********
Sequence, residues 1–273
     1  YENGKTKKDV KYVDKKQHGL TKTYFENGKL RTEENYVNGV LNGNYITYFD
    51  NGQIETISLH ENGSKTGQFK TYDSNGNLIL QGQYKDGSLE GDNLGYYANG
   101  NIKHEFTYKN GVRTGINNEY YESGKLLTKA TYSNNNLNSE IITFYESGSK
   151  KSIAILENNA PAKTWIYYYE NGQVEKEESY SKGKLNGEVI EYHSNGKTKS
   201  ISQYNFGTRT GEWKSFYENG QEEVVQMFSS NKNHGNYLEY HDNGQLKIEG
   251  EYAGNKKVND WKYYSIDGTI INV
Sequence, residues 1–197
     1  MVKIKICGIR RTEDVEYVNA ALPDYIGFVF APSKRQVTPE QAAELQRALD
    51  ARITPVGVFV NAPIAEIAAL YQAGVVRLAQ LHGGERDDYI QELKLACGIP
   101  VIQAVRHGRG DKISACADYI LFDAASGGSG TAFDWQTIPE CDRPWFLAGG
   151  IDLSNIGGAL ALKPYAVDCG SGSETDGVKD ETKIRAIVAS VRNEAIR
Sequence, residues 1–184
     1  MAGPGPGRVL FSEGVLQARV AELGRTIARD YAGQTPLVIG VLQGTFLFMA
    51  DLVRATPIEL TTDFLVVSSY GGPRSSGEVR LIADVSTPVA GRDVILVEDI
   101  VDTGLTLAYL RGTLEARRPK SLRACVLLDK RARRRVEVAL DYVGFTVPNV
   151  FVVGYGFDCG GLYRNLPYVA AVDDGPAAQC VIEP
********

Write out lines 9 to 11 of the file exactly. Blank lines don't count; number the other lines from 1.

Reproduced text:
     1  MVKIKICGIR RTEDVEYVNA ALPDYIGFVF APSKRQVTPE QAAELQRALD
    51  ARITPVGVFV NAPIAEIAAL YQAGVVRLAQ LHGGERDDYI QELKLACGIP
   101  VIQAVRHGRG DKISACADYI LFDAASGGSG TAFDWQTIPE CDRPWFLAGG